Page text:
O MANY VOICES in the world today would have us believe that the goal of life is to receive specialized training, find a job that pays well, live comfortably, and enjoy retirement. There are many issues with that approach, but let’s just start with the first. When did the Western obsession with specialization take control?
In America, much of higher education has been reduced to mere career training. Students enroll in programs that have an absurdly narrow focus, and they are required less and less to broaden their studies. This is a far cry from the ideal of true “education,” which involves the process of being drawn out of oneself to wrestle with ideas and confront challenges.
The only fields of study that hold merit, we are increasingly being told, are those in applied sciences, particularly STEM-related studies. Studying anything that won’t directly translate to employment is seen as futile, purposeless, or even poor judgment. What about languages? What about music? What about philosophy & theology? What ever happened to the value of a liberal arts education?
I recently read a thoughtful article about liberal arts education in a newspaper opinion piece. The author (Leslie Anne Miller, a trustee of the Philadelphia Museum of Art) writes this:
It is time to recognize the importance of a well-rounded education and not lose sight of our rich cultural heritage, which has added such a critical dimension to life in this country. Without the visual arts, music, theater, architecture, and the like, future generations will have no sense of culture. Liberal arts degrees teach students how to communicate, think, solve problems, and be team players. Understanding the “why” is imperative; we know the “how” and “what.”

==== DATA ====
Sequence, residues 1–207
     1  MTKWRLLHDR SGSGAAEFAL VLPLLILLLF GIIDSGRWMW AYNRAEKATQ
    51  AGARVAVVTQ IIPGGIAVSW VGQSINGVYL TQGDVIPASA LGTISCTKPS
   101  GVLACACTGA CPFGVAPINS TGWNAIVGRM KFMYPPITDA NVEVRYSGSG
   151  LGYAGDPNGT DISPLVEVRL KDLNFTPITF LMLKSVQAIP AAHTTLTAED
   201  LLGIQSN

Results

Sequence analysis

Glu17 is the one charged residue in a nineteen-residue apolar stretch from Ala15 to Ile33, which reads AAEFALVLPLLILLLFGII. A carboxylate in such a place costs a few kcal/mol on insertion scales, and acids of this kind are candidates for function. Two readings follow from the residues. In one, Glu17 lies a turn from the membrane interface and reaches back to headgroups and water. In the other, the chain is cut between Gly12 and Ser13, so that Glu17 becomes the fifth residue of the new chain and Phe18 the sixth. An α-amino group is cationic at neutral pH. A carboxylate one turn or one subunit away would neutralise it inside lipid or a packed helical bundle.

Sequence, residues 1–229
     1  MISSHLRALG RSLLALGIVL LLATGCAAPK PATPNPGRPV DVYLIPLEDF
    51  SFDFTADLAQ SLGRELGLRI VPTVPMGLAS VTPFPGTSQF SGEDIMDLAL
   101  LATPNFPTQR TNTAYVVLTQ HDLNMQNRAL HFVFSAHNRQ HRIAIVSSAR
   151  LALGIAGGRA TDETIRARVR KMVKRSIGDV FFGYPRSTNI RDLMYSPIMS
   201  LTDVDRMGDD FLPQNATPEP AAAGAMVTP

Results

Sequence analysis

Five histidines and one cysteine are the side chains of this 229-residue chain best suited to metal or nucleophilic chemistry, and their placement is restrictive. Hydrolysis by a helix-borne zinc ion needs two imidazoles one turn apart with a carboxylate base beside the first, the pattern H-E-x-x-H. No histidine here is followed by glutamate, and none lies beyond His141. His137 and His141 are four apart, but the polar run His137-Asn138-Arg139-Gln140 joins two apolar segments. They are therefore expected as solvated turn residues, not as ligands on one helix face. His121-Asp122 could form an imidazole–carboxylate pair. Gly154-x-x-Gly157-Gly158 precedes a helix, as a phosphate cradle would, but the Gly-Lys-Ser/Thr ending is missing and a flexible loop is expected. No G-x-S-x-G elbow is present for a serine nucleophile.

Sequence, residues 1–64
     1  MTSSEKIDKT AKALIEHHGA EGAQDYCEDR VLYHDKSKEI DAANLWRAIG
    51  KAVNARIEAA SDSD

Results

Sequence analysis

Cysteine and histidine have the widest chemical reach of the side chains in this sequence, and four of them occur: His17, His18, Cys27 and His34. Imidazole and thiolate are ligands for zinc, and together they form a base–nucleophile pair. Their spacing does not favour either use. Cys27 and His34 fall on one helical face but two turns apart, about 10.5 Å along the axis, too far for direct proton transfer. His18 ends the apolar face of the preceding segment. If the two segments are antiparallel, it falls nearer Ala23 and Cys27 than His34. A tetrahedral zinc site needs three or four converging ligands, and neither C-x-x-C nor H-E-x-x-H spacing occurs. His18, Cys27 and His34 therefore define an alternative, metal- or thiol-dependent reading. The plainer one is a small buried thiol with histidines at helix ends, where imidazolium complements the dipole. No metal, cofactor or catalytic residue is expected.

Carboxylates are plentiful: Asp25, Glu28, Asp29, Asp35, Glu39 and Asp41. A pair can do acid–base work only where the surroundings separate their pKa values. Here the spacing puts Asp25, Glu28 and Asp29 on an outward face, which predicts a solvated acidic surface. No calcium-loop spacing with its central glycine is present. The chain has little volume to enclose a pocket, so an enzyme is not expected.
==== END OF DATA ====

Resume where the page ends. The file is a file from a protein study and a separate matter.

Had I not entered the seminary after high school, I likely would have gone to college to study journalism, literature, or something similar. My course of studies would have been fairly narrow and very much directed to helping me succeed in a particular professional field. One of my life’s blessings for which I am most grateful, though, is that I entered the college seminary and received a first-rate liberal arts education. That was not something I ever would have chosen on my own, but it opened my mind and heart in many unexpected and thrilling ways.
There is a place for vocational training, to be sure. But, is there not also a place for the liberal arts? We who are interested in the arts & culture & liturgy ought to encourage young people to take up the liberal arts. Life, after all, is about more than technical training and entry-level salaries.